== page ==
The mutilated body of Susana Chavez, one of Mexico's most prominent poets and peace activists, has been found dumped on a street in Ciudad Juarez, a city infamous for a series of murders of women even before drug violence made it one of the most violent places in the world.
Ms Chavez, 36, who adopted the slogan "Not one more death", befriended three teenagers who strangled her after an argument and then cut off her hand to make it look like an execution, after they invited her to drink with them, authorities said.
The three suspects, now in custody, told authorities they are members of the local drug gang Azteca and became enraged when Ms Chavez told them she was a police officer and was going to report them, according to a statement from the state Attorney General's Office. "What's strange is that we're fighting to eliminate 'feminicide' in Juarez and, look, she died that way, in the hands of criminals," said her friend, Linda Meza.
Ms Chavez was a well-known artist in the city and a leading member of the group May Our Daughters Return Home, made up of family members and friends of Juarez women who had been killed. Authorities estimate that as many as 400 women were killed in the city over a 10-year-period to 2003.
Ms Chavez's book, Song to a City in the Desert, grew, she wrote, from a cry from the heart against violence and included the poem Blood, written from the perspective of a victim.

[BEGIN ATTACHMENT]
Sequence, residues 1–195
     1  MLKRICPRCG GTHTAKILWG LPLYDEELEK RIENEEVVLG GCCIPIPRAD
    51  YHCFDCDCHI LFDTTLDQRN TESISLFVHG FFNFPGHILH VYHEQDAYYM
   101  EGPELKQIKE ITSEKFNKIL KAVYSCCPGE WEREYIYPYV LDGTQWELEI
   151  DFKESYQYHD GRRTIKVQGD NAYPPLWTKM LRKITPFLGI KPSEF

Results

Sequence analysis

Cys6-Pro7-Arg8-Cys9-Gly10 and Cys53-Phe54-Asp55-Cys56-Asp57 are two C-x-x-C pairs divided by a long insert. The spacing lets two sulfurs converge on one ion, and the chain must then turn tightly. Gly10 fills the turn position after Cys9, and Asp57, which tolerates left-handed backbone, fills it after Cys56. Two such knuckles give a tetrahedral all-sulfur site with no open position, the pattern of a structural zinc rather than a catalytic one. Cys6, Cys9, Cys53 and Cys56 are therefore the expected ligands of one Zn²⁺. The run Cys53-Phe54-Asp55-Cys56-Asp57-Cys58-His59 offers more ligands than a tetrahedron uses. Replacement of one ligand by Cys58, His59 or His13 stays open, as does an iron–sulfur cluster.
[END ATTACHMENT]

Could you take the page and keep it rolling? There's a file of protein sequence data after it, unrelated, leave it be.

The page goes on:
Her murder was condemned yesterday by international and Mexican human rights groups, as well as the president of Mexico's lower house of Congress, Jorge Carlos Ramirez Marin.
"Susana was a noble woman committed to the cause and to her city, which she loved," said Gustavo de la Rosa Hickerson of the Human Rights Commission in Chihuahua state, where Ciudad Juarez is located.
The killing was the result of an "unfortunate encounter" and had nothing to do with Ms Chavez's activism, said Chihuahua state Attorney General Carlos Manuel Salas. The suspects told authorities that they met her in a convenience store and invited her to drink with them. After several hours of drinking, the teenagers argued, then took her to the shower, covered her face in adhesive tape and started to drown her until she suffocated.
The suspects – one of them a neighbour of Ms Chavez – told investigators that because the boys had been drinking and taking drugs, they found it "easy" to kill her, said Arturo Sandoval, a spokesman for the state Attorney General's office. Her death has rocked a community already jaded by more than 3,000 murders last year.